Tibury Fort is well-known tourist attraction on the bank of the River Thames and now cared for by English Heritage. There has been some kind of defensive structure on the site from the fourteenth century but it was Henry VIII who built the first blockhouse in 1539. The fort as it stands now was finally constructed in 1682 by Dutch engineers. The Fort’s claim to fame is that on the eve of the invasion from Spain culminating in the Spanish Armada of 1588 Elisabeth I rallied an assembly of 5,000 soldiers at the Fort.
It is known that from around 1687-9 Daniel Defoe held a long lease on 70 acres of grazing land abutting the Fort. It has been argued that Defoe did this when England’s main enemy was the Dutch and on the assumption that further development of a naval base at the Fort was possible. However, when France emerged as the principal enemy the Admiralty’s development interest shifted to the Channel ports. Defoe built a brickwork on the land which for some ten years gave him a good return.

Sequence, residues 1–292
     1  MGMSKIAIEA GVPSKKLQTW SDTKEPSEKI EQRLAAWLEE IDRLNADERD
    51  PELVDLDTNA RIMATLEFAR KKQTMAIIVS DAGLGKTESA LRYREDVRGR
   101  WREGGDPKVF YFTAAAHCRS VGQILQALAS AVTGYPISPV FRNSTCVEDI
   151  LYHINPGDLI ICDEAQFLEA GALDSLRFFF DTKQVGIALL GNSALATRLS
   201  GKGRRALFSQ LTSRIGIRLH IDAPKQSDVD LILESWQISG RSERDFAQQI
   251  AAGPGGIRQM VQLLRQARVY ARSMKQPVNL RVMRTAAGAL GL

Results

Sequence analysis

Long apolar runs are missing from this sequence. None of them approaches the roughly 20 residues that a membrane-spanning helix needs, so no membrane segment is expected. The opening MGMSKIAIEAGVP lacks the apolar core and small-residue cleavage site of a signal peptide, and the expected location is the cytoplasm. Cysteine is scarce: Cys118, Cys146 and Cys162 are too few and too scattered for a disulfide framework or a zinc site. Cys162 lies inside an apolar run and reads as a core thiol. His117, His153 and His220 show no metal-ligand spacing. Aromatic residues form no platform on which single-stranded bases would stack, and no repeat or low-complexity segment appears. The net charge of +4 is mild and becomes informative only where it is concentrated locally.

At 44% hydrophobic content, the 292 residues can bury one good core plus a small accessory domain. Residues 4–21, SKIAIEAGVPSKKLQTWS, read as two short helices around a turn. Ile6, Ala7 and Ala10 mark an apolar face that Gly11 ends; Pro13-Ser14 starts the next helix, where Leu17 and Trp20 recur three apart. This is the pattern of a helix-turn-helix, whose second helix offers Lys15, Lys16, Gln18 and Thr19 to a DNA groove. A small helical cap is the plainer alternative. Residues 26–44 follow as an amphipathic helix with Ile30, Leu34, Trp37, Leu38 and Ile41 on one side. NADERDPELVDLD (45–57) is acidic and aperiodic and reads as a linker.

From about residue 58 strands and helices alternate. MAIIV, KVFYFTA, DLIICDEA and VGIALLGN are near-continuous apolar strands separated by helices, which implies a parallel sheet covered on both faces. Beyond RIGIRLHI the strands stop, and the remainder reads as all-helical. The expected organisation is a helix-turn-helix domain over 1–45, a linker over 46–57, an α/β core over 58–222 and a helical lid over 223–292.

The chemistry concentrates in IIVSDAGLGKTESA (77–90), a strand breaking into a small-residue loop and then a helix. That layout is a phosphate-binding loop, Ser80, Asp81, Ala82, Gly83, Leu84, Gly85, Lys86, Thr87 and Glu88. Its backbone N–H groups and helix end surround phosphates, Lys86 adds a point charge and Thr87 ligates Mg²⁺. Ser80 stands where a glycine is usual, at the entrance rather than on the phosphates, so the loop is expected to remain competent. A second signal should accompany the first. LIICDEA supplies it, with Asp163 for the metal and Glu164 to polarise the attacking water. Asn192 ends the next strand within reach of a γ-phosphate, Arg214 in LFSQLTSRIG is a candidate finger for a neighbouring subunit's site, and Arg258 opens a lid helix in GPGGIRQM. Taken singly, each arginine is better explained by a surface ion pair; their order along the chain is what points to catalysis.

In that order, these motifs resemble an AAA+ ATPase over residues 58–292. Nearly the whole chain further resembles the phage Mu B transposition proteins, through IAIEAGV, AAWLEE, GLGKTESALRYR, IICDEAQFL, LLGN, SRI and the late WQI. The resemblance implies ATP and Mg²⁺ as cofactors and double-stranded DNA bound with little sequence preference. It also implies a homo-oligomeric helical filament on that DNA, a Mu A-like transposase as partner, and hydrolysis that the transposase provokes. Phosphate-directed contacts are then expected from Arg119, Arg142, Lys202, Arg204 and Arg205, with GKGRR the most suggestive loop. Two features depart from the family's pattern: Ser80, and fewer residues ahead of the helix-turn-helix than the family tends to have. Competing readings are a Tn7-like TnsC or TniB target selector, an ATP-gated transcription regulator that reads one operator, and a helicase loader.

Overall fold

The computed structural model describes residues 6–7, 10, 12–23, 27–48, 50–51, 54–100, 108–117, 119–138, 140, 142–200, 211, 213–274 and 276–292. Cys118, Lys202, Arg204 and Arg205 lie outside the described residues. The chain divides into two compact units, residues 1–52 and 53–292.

What is not known is that through his mother Defoe had family links with Tilbury. His mother Ellen was related to the various families of Edward Lawrence holders of the Manor House of East Gubbions in Tilbury, a short distance from the Fort and he was educated there at the Manor House in the period 1658-1662 together with his sister Mary and lived there with his brother Thomas for some ten years to 1705.
After the construction of the Fort by Henry VIII a John Lawrence, who died in 1557, became the Captain of the Fort. This family story would have been passed down in the Lawrence family as a proud heritage. It is likely that Defoe listened to these stories of accomplishment when in his teens and in buying the land he was associating himself with family history.
27 August 2011